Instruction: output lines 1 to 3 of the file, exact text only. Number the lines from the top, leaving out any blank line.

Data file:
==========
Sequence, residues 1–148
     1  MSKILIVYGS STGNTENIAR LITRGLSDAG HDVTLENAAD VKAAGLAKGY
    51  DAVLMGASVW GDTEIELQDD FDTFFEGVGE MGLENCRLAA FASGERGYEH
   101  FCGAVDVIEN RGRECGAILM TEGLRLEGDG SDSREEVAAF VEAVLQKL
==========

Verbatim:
Sequence, residues 1–148
     1  MSKILIVYGS STGNTENIAR LITRGLSDAG HDVTLENAAD VKAAGLAKGY
    51  DAVLMGASVW GDTEIELQDD FDTFFEGVGE MGLENCRLAA FASGERGYEH